Event report: 2017 BCIT Technical Writing Alumni Lunch

Event report: 2017 BCIT Technical Writing Alumni Lunch

The 2017 BCIT Technical Writing Alumni Lunch, which was held on September 16th, started with a panel discussion on Communication for a Complex World. The panel featured three STC Canada West Coast chapter executive members: Serena Beck (chapter president), Stephen Gauer (chapter past president), and Beverlee Bishundayal (chapter secretary/treasurer). There were 35 attendees, including students, alumni, and STC members.

Stephen began by giving examples of the increasing complexity of the world in general, and how this makes our task as technical communicators more complex. During the panel discussion, the panelists explained how they deal with different types of complexity in their jobs.

Multitasking as a solo writer: As the only technical writer in her company, Beverlee has to juggle a lot of administrative duties along with her writing job. She has some techniques that help her stay organized:

  • using Outlook reminders and alerts
  • completing shorter, simpler tasks first so she can dedicate larger chunks of time to the bigger, more complicated tasks
  • creating and using templates for tasks she does often
  • teaching best writing practices to the rest of her team

Virtual teams: Serena works on a virtual team, living in Victoria while working out of the Edmonton office of her company. The challenges her team encountered included:

  • getting signatures from various approvers (they now use digital signatures)
  • using soft phones with technology that was not always reliable at first
  • dealing with different time zones
  • communicating with fellow team members (they use Skype for instant messaging, phone calls, and presenting and sharing desktops)
  • building team cohesion (they have weekly virtual coffee chats with no work talk allowed)

General team work: Beverlee’s team has successfully used the Myers-Briggs Type Indicator personality inventory to help them understand each other’s communication styles, work together more effectively, and make better decisions about who would be suited for various tasks.

Translation for a global audience: Much of what Serena writes at work is translated into several different languages. Serena offered some tips for writing for translation:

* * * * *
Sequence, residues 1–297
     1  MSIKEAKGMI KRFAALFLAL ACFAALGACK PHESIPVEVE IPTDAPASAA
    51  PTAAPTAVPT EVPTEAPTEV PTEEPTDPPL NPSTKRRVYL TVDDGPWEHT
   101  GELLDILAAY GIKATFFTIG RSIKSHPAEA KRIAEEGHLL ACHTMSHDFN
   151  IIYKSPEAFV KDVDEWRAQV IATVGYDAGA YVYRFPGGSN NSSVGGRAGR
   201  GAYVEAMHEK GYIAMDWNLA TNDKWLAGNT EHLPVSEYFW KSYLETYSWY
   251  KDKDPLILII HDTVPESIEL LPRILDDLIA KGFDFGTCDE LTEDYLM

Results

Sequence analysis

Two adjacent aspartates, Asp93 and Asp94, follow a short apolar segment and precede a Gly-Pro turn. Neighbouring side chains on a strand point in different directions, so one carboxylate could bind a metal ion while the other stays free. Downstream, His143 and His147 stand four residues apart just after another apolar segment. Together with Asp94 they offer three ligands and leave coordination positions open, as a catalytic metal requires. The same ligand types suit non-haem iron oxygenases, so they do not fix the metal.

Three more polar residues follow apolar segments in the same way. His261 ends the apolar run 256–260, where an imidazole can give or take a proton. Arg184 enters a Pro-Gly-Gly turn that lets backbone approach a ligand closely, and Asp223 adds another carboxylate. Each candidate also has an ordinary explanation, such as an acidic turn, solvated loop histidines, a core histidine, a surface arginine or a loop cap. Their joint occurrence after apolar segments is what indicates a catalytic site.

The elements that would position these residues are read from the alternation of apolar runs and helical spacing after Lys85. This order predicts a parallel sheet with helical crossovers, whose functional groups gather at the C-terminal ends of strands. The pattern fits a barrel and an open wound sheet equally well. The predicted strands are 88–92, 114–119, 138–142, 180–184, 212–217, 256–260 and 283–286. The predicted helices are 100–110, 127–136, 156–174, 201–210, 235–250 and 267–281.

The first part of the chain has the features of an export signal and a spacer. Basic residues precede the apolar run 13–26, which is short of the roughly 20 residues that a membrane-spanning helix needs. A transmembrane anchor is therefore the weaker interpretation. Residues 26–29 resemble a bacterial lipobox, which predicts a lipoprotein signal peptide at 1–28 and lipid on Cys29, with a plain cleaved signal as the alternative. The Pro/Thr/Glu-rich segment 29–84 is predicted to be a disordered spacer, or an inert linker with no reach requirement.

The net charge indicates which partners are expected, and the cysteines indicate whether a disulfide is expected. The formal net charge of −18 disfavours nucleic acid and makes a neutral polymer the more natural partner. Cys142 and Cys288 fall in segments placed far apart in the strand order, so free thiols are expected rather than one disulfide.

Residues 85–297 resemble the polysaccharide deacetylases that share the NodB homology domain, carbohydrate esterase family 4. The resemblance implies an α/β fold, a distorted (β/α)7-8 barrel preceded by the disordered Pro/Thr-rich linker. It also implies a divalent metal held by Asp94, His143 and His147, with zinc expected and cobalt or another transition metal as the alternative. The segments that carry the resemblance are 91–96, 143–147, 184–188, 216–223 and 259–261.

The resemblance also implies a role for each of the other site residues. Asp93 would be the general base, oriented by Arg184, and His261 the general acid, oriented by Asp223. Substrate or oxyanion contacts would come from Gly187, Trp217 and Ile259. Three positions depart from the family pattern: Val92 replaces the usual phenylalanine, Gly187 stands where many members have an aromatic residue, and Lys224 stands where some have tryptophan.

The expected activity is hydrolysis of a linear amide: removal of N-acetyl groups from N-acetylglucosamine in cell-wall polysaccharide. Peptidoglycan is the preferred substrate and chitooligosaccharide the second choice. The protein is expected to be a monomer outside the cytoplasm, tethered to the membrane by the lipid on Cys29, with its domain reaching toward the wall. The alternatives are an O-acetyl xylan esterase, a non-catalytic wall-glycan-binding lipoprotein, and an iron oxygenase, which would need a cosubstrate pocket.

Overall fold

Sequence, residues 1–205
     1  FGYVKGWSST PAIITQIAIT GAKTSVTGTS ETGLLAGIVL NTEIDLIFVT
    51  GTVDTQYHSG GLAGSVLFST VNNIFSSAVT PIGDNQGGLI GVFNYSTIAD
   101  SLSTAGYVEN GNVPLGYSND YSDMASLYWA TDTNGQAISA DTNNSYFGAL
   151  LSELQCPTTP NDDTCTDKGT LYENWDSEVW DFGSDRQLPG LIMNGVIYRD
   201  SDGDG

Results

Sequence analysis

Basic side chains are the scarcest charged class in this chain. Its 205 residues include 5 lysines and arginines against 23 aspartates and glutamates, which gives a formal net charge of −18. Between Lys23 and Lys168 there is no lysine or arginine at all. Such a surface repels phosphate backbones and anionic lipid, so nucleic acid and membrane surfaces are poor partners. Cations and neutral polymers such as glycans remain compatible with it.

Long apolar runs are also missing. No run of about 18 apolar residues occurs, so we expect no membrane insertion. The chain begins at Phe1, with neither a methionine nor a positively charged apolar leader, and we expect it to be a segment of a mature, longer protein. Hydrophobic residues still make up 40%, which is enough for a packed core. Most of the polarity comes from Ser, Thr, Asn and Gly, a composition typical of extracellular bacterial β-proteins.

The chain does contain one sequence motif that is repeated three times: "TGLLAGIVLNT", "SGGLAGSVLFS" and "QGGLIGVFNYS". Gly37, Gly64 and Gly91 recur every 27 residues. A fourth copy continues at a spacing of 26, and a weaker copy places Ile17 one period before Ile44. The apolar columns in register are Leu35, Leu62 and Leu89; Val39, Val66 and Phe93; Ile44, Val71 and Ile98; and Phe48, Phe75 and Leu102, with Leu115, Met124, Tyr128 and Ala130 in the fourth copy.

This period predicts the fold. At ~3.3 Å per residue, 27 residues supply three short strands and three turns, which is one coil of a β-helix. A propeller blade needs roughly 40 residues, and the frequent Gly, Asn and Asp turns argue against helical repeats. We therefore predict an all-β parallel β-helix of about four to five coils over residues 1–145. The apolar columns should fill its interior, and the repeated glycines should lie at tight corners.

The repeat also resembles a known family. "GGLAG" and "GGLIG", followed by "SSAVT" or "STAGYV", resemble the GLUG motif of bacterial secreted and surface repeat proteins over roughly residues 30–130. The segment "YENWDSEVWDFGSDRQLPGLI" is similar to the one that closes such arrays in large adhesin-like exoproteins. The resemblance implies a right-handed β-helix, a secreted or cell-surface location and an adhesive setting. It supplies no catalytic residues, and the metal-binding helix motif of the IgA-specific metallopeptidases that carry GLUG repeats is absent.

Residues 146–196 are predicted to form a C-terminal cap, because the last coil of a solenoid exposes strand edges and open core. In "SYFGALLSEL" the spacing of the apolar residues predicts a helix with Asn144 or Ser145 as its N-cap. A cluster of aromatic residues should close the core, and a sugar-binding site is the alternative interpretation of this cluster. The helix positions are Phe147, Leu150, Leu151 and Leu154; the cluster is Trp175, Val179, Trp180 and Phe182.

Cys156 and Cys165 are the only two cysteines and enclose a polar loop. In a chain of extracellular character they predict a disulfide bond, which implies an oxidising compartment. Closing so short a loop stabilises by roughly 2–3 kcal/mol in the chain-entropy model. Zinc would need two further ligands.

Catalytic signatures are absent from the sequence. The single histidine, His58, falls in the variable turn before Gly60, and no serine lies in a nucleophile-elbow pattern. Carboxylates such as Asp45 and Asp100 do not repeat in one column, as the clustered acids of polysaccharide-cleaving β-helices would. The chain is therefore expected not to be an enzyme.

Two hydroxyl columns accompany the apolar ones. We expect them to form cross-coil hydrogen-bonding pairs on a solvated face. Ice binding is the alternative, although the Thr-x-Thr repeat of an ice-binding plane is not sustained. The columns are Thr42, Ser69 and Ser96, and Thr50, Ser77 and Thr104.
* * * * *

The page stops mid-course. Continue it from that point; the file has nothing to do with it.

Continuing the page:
• Write clearly and minimally (The Global English Style Guide by John R. Kohl is a great resource).
  • Make attention, caution, and warning statements as simple and clear as possible, while also containing all the necessary information.
  • Maintain consistency in terminology and sentence structure throughout the documentation.
  • Allow for the extra space that some languages (such as Japanese) will need when displayed.
  • Determine who your audience is by running surveys and talking to customer support, training staff, and colleagues in different countries.
  • Budget time to deal with regulations and required symbols such as ISO certification, FDA regulations in the US, and the CE mark in Europe.

Dealing with complexity as a tech writer: Stephen talked about how he deals with complexity as a technical writer, and gave some advice:

  • Stay true to your principles as a writer: write simply and clearly, know your audience, be clear about your priorities, and never lose sight of the big picture.
  • The broader your skillset, the better: get comfortable with visual communication, consider teaching, take writing courses in different types of writing, and pursue all your interests.

After a short break, the panelists answered questions from the audience, discussing different types of personality indicators, how to find international jobs, and the art of branding yourself as a technical writer.

The event concluded with a table discussion about the aspect of the panel that stood out the most to each person at the table, followed by open networking time.

Jenny Riecken is a technical writer with a past as a QA analyst. She specializes in freelance contracts, writing everything from software documentation to policy manuals.